“I will open my mouth in a parable: I will utter dark sayings of old: Which we have heard and known, and our fathers have told us.” (Psalm 78:2-3)
Most people do not think of parables—especially the parables of Christ—as dark (i.e., hidden) sayings but rather as figurative illustrations to help people comprehend some spiritual teaching. But Christ used parables to conceal truth, not to reveal truth! “Therefore speak I to them in parables,” He said in response to the disciples’ question as to why He was speaking in parables, “because they seeing see not; and hearing they hear not, neither do they understand” (Matthew 13:13). The principle is this: a person must first believe and obey the light he has already received before God will give him further light. “For whosoever hath, to him shall be given, and he shall have more abundance: but whosoever hath not, from him shall be taken away even that he hath” (v. 12).
Thus, the parables of both Old and New Testaments are not of any obvious interpretation. They require study, meditation, and obedience to comprehend, but then they bring great blessing. “Every scribe which is instructed unto the kingdom of heaven is like unto a man that is an householder, which bringeth forth out of his treasure things new and old” (v. 52).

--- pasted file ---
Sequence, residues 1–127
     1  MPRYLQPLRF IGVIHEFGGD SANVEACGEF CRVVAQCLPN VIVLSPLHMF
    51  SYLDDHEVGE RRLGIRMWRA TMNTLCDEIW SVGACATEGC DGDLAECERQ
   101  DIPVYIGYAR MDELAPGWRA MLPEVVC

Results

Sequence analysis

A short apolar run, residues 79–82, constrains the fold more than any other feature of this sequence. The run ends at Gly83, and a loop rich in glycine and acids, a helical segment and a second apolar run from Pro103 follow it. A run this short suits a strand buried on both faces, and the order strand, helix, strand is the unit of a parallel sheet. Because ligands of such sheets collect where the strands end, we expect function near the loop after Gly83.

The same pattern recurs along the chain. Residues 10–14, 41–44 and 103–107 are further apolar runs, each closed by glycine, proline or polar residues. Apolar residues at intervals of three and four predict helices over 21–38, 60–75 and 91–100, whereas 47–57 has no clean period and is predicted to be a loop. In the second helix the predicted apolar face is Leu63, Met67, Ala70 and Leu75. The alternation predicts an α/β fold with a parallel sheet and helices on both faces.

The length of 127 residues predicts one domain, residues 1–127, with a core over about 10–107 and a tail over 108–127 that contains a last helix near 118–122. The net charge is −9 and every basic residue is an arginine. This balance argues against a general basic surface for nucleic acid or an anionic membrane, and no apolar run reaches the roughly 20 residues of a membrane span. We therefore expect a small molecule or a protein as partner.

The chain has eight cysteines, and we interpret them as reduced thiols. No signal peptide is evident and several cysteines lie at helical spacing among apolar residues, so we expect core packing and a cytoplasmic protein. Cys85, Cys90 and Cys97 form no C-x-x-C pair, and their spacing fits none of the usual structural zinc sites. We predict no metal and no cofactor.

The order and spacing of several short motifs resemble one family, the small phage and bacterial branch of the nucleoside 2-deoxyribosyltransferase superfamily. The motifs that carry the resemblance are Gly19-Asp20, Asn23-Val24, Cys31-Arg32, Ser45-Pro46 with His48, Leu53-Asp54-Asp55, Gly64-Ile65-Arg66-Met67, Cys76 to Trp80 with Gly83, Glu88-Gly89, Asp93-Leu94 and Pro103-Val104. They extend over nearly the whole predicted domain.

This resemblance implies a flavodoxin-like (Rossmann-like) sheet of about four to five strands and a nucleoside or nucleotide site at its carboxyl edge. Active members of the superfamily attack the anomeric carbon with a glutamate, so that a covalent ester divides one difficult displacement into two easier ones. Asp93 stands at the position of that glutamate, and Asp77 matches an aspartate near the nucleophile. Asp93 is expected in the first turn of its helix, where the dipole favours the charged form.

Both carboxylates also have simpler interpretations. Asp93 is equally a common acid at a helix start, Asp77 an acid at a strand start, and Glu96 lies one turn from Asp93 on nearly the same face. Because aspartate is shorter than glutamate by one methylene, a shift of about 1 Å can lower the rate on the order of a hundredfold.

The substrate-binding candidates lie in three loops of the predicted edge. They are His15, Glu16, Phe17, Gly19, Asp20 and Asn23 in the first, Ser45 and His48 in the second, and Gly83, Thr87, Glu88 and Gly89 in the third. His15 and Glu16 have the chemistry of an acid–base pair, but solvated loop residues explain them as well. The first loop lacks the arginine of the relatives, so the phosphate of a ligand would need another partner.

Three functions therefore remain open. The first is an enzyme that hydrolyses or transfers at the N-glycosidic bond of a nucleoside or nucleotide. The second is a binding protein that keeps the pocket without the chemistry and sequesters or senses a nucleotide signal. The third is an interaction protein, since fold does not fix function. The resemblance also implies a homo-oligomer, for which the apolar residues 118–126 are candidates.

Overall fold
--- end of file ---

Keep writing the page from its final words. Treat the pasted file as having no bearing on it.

The “dark sayings” of Scripture are not to be associated with occultism or darkness, of course. The word in Greek simply means something hidden from the world but transparent to eyes of faith and love. “We speak the wisdom of God in a mystery. . . . Which none of the princes of this world knew: for had they known it, they would not have crucified the Lord of glory. . . . But God hath revealed them unto us by his Spirit: for the Spirit searcheth all things, yea, the deep things of God” (1 Corinthians 2:7-8, 10). HMM